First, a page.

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Florida Child overnighters?

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  • Florida Child overnighters?

    I want to accept a job offer but I am 17 years old.
    Its a shift from 11 pm to 6 am which works with my schedule.
    My parents have agreed to let me take the offer, but does state law allow it?
    As for school, I take all classes at college because I have already completed my high school requirements, but am "technically" still enrolled in a high school. I'm looking desparately for a loophole. Help!!!!

  • #2
    Originally posted by DNA
    I want to accept a job offer but I am 17 years old.
    Its a shift from 11 pm to 6 am which works with my schedule.
    My parents have agreed to let me take the offer, but does state law allow it?
    As for school, I take all classes at college because I have already completed my high school requirements, but am "technically" still enrolled in a high school. I'm looking desparately for a loophole. Help!!!!
    According to the Fair Labor Standards Act:
    Youth 16 or 17 years old may perform any non-hazardous job for unlimited hours.

    As long as you aare in a non-hazordous position you should be ok. What state are you in?
    Sue
    FORUM MODERATOR

    www.laborlawtalk.com

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    • #3
      I'm in florida.....
      It is a non hazardous job. A dispatcher for a taxi company. Its all phone work.
      16-17 year olds are not supposed to work between 11 pm and 6 30 am on school nights if they have school.....
      But I have no high school, only college classes. and the schedule does not cause any problems or conflicts
      Last edited by DNA; 08-23-2004, 03:38 PM.

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      • #4
        Originally posted by DNA
        I'm in florida.....
        It is a non hazardous job. A dispatcher for a taxi company. Its all phone work.
        16-17 year olds are not supposed to work between 11 pm and 6 30 am on school nights if they have school.....
        But I have no high school, only college classes. and the schedule does not cause any problems or conflicts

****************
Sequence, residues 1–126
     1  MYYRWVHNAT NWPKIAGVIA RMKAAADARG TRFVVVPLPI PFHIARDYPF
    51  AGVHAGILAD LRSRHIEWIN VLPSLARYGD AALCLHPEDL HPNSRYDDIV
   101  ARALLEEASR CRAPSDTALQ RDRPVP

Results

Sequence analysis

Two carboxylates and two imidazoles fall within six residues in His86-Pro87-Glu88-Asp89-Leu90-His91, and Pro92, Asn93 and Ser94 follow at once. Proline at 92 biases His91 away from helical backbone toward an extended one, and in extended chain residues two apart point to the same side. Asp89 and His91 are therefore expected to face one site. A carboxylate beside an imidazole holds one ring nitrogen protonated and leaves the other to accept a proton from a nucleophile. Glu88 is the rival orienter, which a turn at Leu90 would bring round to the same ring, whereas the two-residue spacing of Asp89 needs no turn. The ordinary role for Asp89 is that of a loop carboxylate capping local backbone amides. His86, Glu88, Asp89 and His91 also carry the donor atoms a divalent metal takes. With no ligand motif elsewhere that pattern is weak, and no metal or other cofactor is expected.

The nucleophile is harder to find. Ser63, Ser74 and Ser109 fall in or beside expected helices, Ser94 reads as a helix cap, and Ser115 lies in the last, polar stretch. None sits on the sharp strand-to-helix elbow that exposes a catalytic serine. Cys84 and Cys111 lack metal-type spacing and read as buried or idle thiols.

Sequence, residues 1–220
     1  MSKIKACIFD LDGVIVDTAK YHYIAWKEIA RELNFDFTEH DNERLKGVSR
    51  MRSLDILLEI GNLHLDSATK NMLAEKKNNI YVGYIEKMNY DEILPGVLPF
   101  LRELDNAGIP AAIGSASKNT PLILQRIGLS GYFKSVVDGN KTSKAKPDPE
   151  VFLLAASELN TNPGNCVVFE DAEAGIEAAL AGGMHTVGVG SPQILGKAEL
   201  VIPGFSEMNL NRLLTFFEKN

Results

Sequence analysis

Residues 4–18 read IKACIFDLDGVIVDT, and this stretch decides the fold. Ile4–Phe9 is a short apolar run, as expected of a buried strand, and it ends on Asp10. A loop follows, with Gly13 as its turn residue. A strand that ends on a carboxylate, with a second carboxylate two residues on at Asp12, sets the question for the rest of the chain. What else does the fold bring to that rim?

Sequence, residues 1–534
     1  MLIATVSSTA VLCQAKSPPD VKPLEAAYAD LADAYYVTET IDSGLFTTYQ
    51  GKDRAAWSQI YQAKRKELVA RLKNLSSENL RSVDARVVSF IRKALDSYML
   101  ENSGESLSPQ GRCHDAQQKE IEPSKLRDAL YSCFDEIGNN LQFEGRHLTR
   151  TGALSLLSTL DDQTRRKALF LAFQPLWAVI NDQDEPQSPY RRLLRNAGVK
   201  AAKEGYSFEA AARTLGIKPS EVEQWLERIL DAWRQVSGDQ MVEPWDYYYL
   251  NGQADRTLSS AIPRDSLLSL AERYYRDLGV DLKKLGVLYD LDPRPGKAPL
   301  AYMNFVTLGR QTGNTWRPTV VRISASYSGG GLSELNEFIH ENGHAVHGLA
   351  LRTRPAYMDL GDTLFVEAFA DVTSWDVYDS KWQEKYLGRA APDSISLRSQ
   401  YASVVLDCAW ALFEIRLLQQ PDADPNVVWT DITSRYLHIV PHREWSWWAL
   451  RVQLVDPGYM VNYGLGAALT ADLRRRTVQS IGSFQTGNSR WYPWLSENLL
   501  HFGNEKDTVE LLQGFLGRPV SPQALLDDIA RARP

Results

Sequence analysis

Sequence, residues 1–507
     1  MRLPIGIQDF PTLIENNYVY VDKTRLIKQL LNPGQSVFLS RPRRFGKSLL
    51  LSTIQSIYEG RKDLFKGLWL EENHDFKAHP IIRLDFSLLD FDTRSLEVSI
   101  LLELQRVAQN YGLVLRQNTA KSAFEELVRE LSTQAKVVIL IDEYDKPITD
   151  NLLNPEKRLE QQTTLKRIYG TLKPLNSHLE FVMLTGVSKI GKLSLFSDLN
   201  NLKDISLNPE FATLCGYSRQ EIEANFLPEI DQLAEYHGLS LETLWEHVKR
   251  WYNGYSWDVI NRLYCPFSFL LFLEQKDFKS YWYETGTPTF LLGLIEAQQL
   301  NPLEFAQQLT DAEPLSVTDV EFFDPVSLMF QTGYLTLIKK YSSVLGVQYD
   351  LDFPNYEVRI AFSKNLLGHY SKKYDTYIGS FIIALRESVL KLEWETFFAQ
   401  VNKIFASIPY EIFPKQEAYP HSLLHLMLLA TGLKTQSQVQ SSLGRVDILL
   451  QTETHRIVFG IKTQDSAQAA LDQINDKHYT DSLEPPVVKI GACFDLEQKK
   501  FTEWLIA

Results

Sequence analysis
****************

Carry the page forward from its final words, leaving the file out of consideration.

OK, here are the exceptions:
        Minors are exempt from the hours restrictions of the Child Labor Law if they have been married,* graduated from an accredited high school or hold a high school equivalency diploma,* served in the military, authorized by a court order,* or been issued a partial waiver by the public school or the Farm and Child Labor Program.
        Did you graduate or have a GED? Id so, you are exempt from the restriction.
        Sue
        FORUM MODERATOR

        www.laborlawtalk.com

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        • #5
          No I have no diploma or GED, I could ask for my diploma today and they would give it to me because Ive finished my required courses, but I want to walk with my graduating class, so they are holding on to my diploma until MAY.

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          • #6
            Florida

            Florida restricts the hours that a person who is 17 years old who is still in school can work. They are prohibited from working 11 p.m. to 6:30 a.m., before a schoolday. Since you are in a unique situation, where you have completed school, you may want to discuss it the Florida Department of Business and Professional Regulation, Child Labor Programs at 800.226.2536. According to their website, you can apply for a partial waiver.

            The website information can be found at:
            http://www.state.fl.us/dbpr/pro/chil...alwaiver.shtml

            Good luck and let me know if you have any other questions.
            Lillian Connell

            Forum Moderator
            www.laborlawtalk.com

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            • #7
              time limit???

              My son is working for a fast food company and they have him working until 1:30am. He is attending his GED program which he goes Mon thru Thrursday until 9:00pm. They have him working on Sundays until 1:30am. He is sixteen years of age.

              Is this legal? My wife has already expressed to the manager that she did not want him working that late.

              What legal options do I have???

              Thanks,
              Law2747

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              • #8
                Minor Working Late

                What state are you in? Much of the hours to be worked by a minor is dependent upon state law.
                Lillian Connell

                Forum Moderator
                www.laborlawtalk.com

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